National Geographic : 2015 Dec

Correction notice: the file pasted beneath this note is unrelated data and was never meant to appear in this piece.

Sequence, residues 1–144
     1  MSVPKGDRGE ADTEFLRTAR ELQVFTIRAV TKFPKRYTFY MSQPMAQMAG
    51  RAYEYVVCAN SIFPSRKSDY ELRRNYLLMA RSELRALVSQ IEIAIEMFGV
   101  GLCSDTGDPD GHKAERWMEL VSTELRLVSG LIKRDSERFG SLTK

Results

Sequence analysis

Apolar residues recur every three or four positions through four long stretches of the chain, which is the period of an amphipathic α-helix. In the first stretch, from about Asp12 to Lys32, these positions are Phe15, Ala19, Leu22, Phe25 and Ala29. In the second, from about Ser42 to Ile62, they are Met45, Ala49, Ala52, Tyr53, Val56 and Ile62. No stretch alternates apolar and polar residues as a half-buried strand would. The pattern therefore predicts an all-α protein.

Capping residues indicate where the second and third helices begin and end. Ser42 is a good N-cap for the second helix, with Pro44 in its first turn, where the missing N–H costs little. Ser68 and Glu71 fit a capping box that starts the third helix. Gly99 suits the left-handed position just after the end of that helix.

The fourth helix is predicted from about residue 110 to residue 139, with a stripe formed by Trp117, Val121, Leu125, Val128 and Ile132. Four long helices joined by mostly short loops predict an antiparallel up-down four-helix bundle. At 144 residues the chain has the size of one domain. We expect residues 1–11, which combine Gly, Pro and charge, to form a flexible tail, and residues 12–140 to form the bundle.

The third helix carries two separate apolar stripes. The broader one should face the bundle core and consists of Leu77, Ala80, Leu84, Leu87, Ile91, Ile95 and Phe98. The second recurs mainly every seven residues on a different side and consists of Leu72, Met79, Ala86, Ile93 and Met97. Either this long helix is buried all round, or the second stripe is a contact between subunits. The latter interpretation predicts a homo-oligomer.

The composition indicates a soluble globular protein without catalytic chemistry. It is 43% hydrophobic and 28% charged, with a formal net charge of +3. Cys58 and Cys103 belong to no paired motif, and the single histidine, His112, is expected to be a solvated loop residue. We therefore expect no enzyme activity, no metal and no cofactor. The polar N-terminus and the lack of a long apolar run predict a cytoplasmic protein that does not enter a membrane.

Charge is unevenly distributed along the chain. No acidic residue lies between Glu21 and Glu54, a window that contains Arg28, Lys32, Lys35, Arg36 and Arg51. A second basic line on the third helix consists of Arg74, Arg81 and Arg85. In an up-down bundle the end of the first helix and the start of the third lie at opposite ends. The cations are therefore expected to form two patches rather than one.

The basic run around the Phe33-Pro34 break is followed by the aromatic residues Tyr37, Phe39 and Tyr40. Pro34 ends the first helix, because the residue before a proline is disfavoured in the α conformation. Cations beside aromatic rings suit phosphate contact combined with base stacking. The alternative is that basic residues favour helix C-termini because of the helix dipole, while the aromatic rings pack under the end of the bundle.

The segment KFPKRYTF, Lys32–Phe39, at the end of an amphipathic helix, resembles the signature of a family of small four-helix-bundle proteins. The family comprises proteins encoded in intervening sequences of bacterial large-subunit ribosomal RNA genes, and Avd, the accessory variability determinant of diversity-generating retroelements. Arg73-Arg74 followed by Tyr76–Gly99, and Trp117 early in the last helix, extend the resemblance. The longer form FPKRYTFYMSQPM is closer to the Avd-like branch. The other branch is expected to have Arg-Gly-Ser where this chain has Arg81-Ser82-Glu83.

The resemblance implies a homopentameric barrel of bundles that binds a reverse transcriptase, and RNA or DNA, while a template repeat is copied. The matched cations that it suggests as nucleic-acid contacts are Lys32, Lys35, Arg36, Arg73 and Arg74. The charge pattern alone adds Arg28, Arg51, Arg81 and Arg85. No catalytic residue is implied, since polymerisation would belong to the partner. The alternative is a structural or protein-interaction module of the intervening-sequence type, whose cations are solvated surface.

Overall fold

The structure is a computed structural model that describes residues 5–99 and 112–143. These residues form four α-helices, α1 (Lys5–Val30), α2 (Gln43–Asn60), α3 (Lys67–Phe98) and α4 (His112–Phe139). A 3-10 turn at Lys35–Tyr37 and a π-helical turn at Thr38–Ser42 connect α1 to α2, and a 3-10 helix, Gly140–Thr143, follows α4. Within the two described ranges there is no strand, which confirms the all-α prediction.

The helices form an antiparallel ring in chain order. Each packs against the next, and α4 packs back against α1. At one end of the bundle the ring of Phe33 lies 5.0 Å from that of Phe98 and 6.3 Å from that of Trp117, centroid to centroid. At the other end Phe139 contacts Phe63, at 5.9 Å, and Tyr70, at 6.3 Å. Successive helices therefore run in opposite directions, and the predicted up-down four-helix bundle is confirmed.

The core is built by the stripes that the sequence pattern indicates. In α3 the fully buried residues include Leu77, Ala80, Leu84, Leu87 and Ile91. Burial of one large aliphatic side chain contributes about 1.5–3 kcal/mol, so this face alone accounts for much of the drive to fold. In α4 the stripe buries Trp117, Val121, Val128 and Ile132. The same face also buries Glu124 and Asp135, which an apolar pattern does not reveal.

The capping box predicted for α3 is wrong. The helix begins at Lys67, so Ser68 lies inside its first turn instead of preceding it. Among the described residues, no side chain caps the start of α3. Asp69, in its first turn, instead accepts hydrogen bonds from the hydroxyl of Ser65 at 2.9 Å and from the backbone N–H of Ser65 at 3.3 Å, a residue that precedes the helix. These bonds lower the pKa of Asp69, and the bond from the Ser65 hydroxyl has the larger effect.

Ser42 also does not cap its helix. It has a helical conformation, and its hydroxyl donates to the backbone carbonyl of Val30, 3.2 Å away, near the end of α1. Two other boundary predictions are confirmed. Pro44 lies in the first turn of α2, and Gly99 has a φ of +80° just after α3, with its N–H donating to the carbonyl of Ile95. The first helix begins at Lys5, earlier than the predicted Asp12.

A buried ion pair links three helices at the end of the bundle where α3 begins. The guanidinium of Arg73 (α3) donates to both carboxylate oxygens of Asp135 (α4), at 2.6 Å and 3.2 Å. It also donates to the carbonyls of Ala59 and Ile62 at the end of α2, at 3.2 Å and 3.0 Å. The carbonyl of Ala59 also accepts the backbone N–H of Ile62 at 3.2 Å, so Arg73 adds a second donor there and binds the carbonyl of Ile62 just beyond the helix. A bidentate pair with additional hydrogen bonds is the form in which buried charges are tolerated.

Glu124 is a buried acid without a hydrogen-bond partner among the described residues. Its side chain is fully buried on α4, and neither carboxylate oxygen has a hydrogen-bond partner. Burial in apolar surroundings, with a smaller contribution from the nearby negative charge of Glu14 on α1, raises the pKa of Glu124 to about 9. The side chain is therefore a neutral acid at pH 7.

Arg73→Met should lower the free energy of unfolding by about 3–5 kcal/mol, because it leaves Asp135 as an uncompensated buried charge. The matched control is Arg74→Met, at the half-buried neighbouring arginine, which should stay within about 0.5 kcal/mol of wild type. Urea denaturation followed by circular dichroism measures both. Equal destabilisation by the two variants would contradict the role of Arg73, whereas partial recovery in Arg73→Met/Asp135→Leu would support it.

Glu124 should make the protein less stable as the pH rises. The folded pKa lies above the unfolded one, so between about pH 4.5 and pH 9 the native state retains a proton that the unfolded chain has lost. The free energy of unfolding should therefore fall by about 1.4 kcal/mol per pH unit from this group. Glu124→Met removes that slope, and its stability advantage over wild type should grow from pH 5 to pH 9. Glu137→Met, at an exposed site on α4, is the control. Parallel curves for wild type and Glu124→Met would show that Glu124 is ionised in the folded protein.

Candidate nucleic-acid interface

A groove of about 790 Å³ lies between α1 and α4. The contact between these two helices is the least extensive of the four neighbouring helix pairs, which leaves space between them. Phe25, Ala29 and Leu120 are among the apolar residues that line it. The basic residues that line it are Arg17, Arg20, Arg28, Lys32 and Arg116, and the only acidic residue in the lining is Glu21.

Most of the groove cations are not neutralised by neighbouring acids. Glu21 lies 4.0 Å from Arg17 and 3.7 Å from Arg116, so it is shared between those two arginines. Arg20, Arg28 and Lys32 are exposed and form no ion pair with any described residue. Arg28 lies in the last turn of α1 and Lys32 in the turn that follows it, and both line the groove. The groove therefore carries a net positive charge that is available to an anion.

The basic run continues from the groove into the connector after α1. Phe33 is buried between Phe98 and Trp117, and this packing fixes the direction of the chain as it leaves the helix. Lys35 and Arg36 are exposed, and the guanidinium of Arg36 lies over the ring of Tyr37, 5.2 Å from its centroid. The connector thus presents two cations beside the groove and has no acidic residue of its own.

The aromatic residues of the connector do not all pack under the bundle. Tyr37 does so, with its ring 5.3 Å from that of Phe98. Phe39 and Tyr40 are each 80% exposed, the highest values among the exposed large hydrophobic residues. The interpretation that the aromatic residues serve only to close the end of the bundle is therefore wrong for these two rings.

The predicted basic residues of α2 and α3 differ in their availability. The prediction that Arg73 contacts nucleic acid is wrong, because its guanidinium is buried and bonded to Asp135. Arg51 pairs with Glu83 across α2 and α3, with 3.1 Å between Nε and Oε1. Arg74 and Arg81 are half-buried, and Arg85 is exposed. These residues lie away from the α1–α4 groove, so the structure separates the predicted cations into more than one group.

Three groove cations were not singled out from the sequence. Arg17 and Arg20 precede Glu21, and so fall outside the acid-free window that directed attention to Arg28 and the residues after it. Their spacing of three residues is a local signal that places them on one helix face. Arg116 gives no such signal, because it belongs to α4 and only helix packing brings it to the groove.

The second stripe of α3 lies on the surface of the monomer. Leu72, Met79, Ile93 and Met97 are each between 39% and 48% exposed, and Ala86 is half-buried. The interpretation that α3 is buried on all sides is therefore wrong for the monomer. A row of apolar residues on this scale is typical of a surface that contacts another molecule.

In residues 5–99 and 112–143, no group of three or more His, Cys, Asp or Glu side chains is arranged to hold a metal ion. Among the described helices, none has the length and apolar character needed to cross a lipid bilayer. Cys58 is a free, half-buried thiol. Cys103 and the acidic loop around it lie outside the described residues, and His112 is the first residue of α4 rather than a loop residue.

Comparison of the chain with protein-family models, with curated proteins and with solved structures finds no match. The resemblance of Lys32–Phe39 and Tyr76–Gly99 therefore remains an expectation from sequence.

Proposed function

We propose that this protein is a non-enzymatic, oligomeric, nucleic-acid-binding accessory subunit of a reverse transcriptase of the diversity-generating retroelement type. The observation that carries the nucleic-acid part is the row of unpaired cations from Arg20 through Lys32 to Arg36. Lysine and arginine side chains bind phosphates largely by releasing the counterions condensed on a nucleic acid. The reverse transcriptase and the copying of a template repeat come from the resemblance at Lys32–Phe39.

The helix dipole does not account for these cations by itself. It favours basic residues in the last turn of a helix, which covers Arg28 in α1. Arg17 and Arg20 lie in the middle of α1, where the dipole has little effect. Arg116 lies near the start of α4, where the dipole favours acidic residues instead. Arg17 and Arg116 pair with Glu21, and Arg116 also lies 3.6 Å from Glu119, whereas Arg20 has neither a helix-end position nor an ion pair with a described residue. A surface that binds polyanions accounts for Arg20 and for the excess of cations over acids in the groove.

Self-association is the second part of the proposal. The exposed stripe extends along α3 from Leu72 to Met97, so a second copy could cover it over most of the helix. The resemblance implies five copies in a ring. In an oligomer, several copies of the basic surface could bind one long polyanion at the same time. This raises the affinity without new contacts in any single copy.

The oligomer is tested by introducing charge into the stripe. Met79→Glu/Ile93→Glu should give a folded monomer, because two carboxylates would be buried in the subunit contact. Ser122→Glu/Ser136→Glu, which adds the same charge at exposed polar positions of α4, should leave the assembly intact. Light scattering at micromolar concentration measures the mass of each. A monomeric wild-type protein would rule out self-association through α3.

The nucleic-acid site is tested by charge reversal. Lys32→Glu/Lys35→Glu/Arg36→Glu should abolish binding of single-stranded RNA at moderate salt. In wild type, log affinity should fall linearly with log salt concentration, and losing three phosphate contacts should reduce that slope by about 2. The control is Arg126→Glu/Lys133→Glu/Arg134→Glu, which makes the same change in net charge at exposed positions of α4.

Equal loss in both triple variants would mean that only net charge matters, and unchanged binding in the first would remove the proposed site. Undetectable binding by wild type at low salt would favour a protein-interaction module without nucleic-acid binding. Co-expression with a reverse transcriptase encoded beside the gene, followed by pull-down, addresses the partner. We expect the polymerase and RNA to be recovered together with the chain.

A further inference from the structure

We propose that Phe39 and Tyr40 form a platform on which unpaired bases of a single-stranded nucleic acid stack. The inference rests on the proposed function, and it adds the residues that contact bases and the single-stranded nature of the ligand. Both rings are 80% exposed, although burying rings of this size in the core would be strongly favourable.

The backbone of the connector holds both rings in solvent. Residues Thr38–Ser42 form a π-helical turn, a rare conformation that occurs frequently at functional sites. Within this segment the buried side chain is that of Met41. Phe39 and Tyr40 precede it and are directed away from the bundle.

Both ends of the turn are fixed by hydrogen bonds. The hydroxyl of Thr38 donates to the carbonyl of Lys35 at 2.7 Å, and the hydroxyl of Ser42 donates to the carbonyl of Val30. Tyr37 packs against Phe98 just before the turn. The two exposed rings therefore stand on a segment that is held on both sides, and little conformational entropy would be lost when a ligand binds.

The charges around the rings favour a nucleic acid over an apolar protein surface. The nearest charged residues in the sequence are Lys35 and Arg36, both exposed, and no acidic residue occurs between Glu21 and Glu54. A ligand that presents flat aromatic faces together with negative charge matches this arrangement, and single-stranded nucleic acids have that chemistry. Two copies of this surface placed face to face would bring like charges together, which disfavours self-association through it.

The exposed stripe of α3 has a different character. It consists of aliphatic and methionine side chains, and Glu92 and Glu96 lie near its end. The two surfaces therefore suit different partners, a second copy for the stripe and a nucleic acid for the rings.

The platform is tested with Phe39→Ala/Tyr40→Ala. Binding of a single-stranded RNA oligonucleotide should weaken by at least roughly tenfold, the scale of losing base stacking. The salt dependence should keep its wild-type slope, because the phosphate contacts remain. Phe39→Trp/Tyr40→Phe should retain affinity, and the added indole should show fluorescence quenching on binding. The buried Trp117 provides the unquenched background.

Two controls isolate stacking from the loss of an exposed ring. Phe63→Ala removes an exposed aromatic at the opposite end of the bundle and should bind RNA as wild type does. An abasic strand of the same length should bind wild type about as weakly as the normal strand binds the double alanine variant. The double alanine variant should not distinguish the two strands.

36 national geographic • december 2015 and free? I was like, Wait a minute, what just happened to me? Why is that?” The next morning, with his friends Rob and Kevin, he met another of the “visionaries,” Vicka Ivankovic-Mijatovic, in a jewelry shop and asked for her help. Gripping his head with one hand, she appealed to the Virgin Mary to ask God to cure him. Boyle said he experienced an unusual sensation right there in the store. “She starts to pray over me. Rob and Kevin put their hands on me, and the heat that went through my body from her praying was causing them to sweat.” Back in Boston a week later, a CT scan at Massachusetts General Hospital revealed that his tumors had shrunk to almost nothing. Since then, Boyle has been back to Medjugorje 13 times. “I’m a regular guy,” he said. “I like to play hockey and drink beer. I play golf.” But, he con- tinued, “I had to change things in my life.” Today, Boyle said, he’s become “a sort of mouthpiece for Jesus Christ’s healing power and of course the Mother and the power of her intercession.” Praying for the Virgin Mary’s intercession and being devoted to her are a global phenom- enon. The notion of Mary as intercessor with Jesus begins with the miracle of the wine at the wedding at Cana, when, according to the Gospel of John, she tells him, “They have no wine,” thus prompting his first miracle. It was in A.D. 431, at the Third Ecumenical Council, in Ephesus, that she was officially named Theotokos, Bearer of God. Since then no other woman has been as ex- alted as Mary. As a universal symbol of maternal love, as well as of suffering and sacrifice, Mary is often the touchstone of our longing for meaning, a more accessible link to the supernatural than formal church teachings. Her mantle offers both security and protection. Pope Francis, when once asked what Mary meant to him, answered, “She is my mamá.” Her reported appearances, visions experi- enced often by very poor children living in re- mote or conflict-wracked areas, have intensified her mystery and aura. And when the children can’t be shaken from their stories—especially if the accounts are accompanied by inexplica- ble “signs” such as spinning suns or gushing springs—her wonder grows. Mary is everywhere: Marigolds are named for her. Hail Mary passes save football games. The image in Mexico of Our Lady of Guadalupe is one of the most reproduced female likenesses ever. Mary draws millions each year to shrines such as Fátima, in Portugal, and Knock, in Ire- land, sustaining religious tourism estimated to be worth billions of dollars a year and providing thousands of jobs. She inspired the creation of many great works of art and architecture (Mi- chelangelo’s “Pietà,” Notre Dame Cathedral), as well as poetry, liturgy, and music (Monteverdi’s Vespers for the Blessed Virgin). And she is the spiritual confidante of billions of people, no matter how isolated or forgotten. Muslims as well as Christians consider her to be holy above all women, and her name “Maryam” appears more often in the Koran than “Mary” does in the Bible. In the New Tes- tament Mary speaks only four times, begin- ning with the Annunciation, when, according to Luke’s Gospel, the angel Gabriel appears to her and says she will bear “the Son of the Most High.” Mary answers, “Here am I, the servant of the Lord.” Her only extended speech, also in MICHAEL O’NEILL IS THE VIRGIN MARY’S BIG DATA NUMBERS CRUNCHER. ON MIRACLEHUNTER.COM, HE HAS CODIFIED EVERY KNOWN APPARITION OF MARY BACK TO A.D. 40.